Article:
If you were the kind of child who always asked the “why?” question, and who liked to challenge what everyone else regarded as normal, you’ll love this book. In this story, Lewis Carroll gives us a picture of a world where everything that we accept as normal is turned upside down. We find ourselves in a land which is populated by an arrange of fantastic characters that entertain us with their wit and whimsy. Consider this excerpt from an absurd conversation Alice has with the Cheshire Cat:
“By-the-bye, what became of the baby?” said the Cat. “I’d nearly forgotten to ask.”
“It turned into a pig,’ Alice answered very quietly, just as if the Cat had come back in a natural way.
“I thought it would,” said the Cat, and vanished again.
In one of the book’s more famous scenes, Alice finds herself at a mad tea-party together with the March Hare, a Hatter, and a Dormouse., where she is bombarded with paradoxical riddles, and astonished with absurd logic.
“…they drew all manner of things – everything that begins with an M –”
“Why with an M?” said Alice.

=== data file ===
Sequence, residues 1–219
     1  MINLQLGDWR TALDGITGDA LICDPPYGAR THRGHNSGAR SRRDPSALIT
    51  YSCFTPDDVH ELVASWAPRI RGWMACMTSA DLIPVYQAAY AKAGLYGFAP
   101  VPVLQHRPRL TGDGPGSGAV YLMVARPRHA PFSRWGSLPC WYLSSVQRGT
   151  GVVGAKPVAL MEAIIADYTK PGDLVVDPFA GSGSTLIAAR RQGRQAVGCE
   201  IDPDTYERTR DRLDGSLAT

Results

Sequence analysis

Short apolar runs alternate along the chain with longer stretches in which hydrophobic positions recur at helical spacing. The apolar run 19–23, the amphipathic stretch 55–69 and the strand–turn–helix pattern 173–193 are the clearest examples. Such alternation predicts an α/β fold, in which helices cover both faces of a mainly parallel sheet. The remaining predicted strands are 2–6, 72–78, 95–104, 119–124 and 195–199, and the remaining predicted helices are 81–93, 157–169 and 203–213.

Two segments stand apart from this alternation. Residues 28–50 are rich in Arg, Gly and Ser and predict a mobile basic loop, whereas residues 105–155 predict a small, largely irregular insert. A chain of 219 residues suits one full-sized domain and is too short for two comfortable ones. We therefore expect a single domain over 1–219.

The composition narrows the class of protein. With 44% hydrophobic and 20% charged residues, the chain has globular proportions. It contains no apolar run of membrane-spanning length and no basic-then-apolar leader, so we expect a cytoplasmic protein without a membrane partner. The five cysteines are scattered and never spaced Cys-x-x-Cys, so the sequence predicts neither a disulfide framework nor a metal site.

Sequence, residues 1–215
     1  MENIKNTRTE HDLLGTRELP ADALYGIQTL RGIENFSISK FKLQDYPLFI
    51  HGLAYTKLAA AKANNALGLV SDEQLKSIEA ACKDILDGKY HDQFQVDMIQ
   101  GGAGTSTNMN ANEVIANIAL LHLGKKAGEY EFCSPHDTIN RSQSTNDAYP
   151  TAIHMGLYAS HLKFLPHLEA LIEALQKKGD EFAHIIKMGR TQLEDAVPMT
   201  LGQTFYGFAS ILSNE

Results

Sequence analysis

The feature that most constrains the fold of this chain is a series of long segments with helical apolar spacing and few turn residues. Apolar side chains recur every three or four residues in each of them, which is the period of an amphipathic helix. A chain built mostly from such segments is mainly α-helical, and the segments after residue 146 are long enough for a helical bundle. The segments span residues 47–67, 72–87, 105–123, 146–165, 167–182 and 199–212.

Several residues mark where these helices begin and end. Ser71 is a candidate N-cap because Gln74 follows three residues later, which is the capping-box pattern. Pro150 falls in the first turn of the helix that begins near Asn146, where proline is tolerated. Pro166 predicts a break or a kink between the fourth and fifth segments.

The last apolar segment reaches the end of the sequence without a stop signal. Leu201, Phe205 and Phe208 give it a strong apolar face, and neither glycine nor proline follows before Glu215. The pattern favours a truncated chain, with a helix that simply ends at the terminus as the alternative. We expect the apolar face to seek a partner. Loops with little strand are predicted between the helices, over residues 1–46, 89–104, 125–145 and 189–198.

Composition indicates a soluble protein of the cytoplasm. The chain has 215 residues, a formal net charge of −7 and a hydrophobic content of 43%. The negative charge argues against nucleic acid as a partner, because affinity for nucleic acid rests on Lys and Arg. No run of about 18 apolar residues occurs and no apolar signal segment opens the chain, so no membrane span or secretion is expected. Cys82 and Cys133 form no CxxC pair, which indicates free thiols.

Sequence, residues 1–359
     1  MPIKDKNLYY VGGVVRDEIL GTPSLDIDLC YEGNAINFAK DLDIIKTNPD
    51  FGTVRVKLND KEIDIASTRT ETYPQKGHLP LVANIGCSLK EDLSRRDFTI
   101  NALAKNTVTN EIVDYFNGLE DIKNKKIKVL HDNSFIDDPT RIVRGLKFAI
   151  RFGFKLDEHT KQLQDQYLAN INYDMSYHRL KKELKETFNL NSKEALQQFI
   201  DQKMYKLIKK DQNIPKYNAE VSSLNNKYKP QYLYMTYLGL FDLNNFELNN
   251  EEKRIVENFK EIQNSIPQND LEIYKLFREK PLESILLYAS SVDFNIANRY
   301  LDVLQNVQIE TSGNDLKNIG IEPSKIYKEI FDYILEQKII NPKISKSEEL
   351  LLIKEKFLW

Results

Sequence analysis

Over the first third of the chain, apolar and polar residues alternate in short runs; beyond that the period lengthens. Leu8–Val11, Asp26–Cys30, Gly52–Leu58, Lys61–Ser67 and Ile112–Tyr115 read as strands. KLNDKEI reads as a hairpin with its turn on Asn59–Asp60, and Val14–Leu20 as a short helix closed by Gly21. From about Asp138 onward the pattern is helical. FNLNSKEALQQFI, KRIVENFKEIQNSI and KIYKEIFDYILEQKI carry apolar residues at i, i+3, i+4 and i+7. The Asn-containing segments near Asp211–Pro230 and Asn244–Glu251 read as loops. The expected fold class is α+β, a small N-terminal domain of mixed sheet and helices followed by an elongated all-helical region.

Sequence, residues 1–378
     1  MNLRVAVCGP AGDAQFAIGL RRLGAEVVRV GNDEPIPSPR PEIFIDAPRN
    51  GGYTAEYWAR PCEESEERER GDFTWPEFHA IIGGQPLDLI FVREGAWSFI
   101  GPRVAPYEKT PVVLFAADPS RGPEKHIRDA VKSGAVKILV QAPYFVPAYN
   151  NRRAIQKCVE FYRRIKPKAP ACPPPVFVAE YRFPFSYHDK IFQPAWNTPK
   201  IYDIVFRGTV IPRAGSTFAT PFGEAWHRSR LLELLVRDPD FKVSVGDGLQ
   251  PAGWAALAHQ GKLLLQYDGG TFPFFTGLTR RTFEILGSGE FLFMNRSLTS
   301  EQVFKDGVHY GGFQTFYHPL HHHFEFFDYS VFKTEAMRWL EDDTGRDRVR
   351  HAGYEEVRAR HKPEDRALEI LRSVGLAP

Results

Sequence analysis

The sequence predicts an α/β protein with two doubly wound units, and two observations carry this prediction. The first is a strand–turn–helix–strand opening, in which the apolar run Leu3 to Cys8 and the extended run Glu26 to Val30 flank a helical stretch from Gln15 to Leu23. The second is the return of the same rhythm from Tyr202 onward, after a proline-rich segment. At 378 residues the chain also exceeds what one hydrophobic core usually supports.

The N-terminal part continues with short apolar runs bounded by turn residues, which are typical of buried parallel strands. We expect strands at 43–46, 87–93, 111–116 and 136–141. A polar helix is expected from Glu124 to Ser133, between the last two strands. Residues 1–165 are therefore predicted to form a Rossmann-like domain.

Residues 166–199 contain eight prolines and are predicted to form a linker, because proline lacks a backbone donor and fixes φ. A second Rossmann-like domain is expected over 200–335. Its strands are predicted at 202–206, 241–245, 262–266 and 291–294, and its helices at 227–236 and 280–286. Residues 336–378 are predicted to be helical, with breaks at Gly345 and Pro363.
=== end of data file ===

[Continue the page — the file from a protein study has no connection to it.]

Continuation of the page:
“Why not?” said the March Hare.
The Playing Cards: Croquet with Queen of Hearts
But it is in the next chapter, entitled “The Queen’s Croquet Ground”, that we meet our playing cards for the first time. After leaving the tea party, Alice enters a garden, where she sees a procession of living playing card characters, which all have human heads, arms, and legs. Chief among them are the King and the Queen.
The suits of these playing card characters all correspond to different roles in the royal court, with the Spades serving as gardeners, Clubs as soldiers, Diamonds as courtiers, and Hearts as members of the royal family.
Click on the images below to read the first few pages of this chapter:
It’s here that we read about the antics the execution-minded Queen of Hearts with her constant refrain “Off with his head.”.
After this Alice commences what has to be one of the most bizarre games of croquet ever witnessed.
The Playing Cards: The Trial of the Knave of Hearts
The final two chapters of the book put the spotlight once again on our playing card friends, as Alice witnesses a trial overseen by the King of Hearts as judge, to settle a case where the Knave of Hearts has been accused of stealing the Queen’s tarts. At this point Lewis quotes the old and well-known English nursery rhyme “The Queen of Hearts”, which cleverly forms the basis of his plot: